Embodying the materialistic and affluent aura of the era, this culture welcomed a polished and well-groomed tone that reflected the ‘Greed is Good’ 80s. Power suits, luxury designer brands and watches, tailored blazers, and pinstriped shirts became the sartorial emblems of success and high status, evidenced in luxury brands like Thierry Mugler, Chanel, and Donna Karan.  Musically, the Yuppie culture fell for upbeat vibes of genres like pop, glam rock, and new wave. Artists like Michael Jackson, Madonna, Culture Club, and Duran Duran dominated the charts with their catchy tunes and flamboyant fashion choices were just the right taste for what The Yuppies were craving.

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1990

Rise of Hip Hop

Starting out as a polarizing genre and a form of art with a raw feel for African American people to express themselves that has now grown to be the most dominating music genre. It’s no surprise fashion ended up in the mix of Hip Hop. From oversized clothes to the combination of streetwear and designer brands, the range of styles were endless. Being the top music genre to complement fashion, we’ve seen hip hop musicians like Kanye, Pharrell, A$AP Rocky, and many more rappers dive into careers in fashion at top luxury brands.

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Grunge Movement

This movement challenged the lustrous aesthetics of prior decades, opening doors to an authentic and disheveled style. Ripped jeans, flannel shirts, oversized sweaters, and combat boots were symbols of expression when it came to this movement, symbolizing anti-establishment and non-conformity.

With high-end brands taking notice and integrating the grunge elements into their collections, the look quickly spread like wildfire as the grunge music took over with force. Distinguished by its distorted guitar riffs, anguished lyrics, and raw, gritty sound, grunge contested the glossy and artificial pop music dominating music at the time. Bands like Nirvana, Soundgarden, Pearl Jams, and many more became synonymous with the genre.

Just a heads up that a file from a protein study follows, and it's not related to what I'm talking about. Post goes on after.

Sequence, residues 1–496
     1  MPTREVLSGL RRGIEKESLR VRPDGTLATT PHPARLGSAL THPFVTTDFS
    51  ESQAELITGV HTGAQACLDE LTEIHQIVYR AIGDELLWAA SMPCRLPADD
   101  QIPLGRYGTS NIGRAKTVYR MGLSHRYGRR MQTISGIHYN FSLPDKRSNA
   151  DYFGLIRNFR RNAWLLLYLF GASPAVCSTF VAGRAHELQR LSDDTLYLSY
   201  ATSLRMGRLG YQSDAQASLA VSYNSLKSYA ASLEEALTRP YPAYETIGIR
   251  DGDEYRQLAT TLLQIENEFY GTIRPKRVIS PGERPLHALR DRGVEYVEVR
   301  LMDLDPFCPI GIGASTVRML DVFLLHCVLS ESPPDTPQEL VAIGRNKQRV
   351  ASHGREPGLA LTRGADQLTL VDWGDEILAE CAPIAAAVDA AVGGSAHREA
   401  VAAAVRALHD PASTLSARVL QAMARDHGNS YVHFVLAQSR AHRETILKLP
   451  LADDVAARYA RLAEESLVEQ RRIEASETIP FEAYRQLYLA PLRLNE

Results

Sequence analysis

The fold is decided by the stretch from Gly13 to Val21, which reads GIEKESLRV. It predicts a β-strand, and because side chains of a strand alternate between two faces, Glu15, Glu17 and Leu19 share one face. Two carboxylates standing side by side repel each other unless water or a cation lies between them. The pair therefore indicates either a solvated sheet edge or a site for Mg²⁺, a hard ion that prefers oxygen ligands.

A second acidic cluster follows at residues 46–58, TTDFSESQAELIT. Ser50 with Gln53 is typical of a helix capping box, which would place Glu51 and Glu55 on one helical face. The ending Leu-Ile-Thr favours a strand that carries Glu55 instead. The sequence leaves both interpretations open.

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2000

M.I.A – Paper Planes

Starting the career of an artist who broke boundaries in music, Paper Planes not only paved the way for M.I.A’s music career, also sending  powerful message to the world. Dialing in themes of the struggles and prejudice that immigrants face when trying to travel, this song allowed immigrants around the world to relate to M.I.A when she endured hardship getting a work visa because she matched the profile of a terrorist.

With her story about her childhood living in Sri Lanka at the height of their civil war and moving to London for a better future yet struggling to enter the states, there was no better messenger for immigrant and inclusion than M.I.A. These musical and lyrical themes paved the way for M.I.A to take a polarizing route with a fashion style boasting her love for fluorescent colors, oversized clothes, and graphic prints. M.I.A took hardship and war and turned them into a musical expression.

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2020

Black Lives Matter

Stemming from a tragic event, Americans of all backgrounds came together to protest the inequality that black people face today in this country. This blossomed a cultural, impacting social constructs.

Dominating the charts and the music industry, Lil Baby stepped out of his comfort zone dropping a song with a theme augmenting the BLM movement called “The Bigger Picture.” With more than 183 million views on youtube and 2 times platinum, this song charted everyone’s playlists and gave a deeper meaning to their protest. To add a cherry on top, the NBA showing support via BLM shirts made waves throughout the country, followed by a myriad of major brands donating to the movement.

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Gender-Neutral Fashion Trends

When the world looked for something new in the world of fashion, musicians were up for the challenge and revitalized gender-bending outfits. From Jaden Smith to Harry Styles and Bad Bunny, and many other musical icons, gender fluidity has become popular in fashion.

With some of the pioneers of genderbending fashion like Elton John, Grace Jones, and David Bowie, it’s a full circle moment seeing icons of this generation bringing non-binary style back to life. Ranging from Harry Style gracing the cover of Vogue with a dress, to Bad Bunny breaking gender norms at the MET Gala, fashion continues to evolve.

—Lauren Pierre-Louis